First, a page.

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The joy and melancholy of living beings in Mon ancêtre Poisson

Faculty Advisor




Christine Montalbetti, Mon ancêtre Poisson, biography, autobiography, plants, bodies, Jardin des Plantes

Abstract (summary)

Christine Montalbetti’s novel Mon ancêtre Poisson (2019) is teeming with descriptions of living things, perhaps not surprisingly given its subject, the life of her great-great-grandfather, the botanist Jules Poisson. In this essay, I argue that the focus on living beings becomes a way of fleshing out her account of this distant ancestor, whose life story she can only piece together from archival documents. As I demonstrate, the narrator, a version of Montalbetti, turns to shared experiences of the physical world as a way of imagining her great-great-grandfather, picturing them walking in the same garden and experiencing similar physiological sensations. The narrator draws attention to the corporeality of both herself and Jules, emphasizing their physicality and carefully positioning them as breathing bodies, part of a complex network of living beings. Ultimately, I show that, for the narrator, the world of living things is a source of both joy and melancholy. Her research into her great-great-grandfather becomes part of a larger process of reconciling the joy of engaging with the abundance of living and growing things around her with the sorrow of accepting the fundamental and inescapable fragility of living bodies, be they animal, plant, or human.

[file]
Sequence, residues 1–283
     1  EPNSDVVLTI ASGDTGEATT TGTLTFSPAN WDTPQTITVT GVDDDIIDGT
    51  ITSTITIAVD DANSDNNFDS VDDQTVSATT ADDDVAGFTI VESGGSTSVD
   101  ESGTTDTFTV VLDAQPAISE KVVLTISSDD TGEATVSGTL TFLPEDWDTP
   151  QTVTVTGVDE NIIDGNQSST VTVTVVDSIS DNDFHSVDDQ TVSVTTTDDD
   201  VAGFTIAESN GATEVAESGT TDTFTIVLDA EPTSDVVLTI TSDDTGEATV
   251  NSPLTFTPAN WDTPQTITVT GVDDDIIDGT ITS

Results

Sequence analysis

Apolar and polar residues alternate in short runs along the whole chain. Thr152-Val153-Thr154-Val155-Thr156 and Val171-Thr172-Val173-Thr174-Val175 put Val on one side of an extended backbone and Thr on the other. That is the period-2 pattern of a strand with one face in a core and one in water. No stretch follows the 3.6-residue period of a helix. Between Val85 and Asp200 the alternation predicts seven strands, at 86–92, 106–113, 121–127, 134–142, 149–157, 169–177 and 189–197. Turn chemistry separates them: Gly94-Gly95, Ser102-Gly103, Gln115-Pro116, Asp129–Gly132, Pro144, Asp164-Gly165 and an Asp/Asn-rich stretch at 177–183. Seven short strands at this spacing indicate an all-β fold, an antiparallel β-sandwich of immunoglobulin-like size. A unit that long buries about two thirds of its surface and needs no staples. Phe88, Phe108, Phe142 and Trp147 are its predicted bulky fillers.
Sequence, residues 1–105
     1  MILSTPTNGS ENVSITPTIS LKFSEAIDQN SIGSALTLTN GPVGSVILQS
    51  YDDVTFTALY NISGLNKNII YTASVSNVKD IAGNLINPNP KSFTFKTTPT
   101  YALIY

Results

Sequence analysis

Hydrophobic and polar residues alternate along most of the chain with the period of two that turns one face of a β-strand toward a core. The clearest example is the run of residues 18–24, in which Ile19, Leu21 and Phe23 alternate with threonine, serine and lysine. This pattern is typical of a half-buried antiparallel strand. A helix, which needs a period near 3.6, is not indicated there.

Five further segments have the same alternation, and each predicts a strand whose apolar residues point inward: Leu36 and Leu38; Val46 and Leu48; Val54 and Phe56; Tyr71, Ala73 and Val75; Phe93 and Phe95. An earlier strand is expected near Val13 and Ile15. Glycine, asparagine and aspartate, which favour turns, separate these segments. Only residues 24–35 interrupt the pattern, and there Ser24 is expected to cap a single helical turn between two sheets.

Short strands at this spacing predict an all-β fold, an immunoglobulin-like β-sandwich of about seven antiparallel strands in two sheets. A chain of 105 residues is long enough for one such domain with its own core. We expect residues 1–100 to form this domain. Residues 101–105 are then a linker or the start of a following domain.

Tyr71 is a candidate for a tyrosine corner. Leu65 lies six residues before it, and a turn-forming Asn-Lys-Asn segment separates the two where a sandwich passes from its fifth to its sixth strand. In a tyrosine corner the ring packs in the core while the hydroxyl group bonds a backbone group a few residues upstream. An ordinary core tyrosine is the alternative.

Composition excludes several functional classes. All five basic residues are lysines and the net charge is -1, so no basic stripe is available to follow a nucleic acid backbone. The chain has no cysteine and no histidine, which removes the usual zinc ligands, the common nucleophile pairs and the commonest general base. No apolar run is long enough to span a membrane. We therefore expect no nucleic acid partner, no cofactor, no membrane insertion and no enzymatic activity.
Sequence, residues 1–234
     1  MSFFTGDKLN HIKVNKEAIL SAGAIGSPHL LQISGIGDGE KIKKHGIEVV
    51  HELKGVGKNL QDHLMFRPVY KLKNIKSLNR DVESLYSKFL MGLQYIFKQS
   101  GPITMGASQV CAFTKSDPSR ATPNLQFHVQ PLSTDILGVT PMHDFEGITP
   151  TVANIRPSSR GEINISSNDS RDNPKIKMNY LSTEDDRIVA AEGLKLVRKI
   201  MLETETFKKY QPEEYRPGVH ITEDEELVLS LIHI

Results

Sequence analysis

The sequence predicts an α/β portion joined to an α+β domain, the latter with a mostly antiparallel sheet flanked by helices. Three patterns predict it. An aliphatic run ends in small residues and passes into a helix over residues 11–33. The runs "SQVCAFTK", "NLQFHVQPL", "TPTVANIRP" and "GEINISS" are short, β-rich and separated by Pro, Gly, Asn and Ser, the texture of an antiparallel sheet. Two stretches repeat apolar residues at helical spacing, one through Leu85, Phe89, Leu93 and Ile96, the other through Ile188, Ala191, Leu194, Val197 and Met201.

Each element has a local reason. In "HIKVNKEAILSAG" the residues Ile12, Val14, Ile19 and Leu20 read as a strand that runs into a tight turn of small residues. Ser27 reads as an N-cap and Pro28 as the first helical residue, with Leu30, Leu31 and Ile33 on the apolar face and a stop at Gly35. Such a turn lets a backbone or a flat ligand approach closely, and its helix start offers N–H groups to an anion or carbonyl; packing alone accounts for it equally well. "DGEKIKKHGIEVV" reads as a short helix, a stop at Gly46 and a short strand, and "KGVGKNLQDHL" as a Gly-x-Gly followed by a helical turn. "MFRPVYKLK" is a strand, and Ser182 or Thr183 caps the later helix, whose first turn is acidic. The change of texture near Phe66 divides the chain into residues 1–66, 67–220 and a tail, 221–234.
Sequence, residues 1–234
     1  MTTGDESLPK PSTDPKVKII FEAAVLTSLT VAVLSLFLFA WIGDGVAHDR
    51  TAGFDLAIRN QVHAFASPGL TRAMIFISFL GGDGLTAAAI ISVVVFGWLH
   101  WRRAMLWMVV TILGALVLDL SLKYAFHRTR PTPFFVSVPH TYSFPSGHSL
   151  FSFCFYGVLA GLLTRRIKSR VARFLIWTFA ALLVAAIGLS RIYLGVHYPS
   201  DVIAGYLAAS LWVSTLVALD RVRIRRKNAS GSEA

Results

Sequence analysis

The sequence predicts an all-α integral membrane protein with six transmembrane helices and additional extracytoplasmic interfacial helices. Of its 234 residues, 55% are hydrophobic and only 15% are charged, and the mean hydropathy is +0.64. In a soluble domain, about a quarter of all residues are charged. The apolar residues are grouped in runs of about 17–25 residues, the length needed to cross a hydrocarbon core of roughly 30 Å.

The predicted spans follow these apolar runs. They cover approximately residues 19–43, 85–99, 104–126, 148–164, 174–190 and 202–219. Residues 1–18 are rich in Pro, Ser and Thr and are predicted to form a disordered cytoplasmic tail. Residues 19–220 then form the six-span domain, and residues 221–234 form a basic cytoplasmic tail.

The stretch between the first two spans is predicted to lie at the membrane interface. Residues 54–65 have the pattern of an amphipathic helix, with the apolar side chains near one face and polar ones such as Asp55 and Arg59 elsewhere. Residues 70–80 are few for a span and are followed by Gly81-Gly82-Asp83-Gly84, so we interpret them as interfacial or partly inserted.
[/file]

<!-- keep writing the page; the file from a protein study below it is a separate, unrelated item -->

Publication Information

Epp, Marla. (2022) The Joy and Melancholy of Living Beings in Mon ancêtre Poisson, Symposium: A Quarterly Journal in Modern Literatures, 76:4, 212-224,


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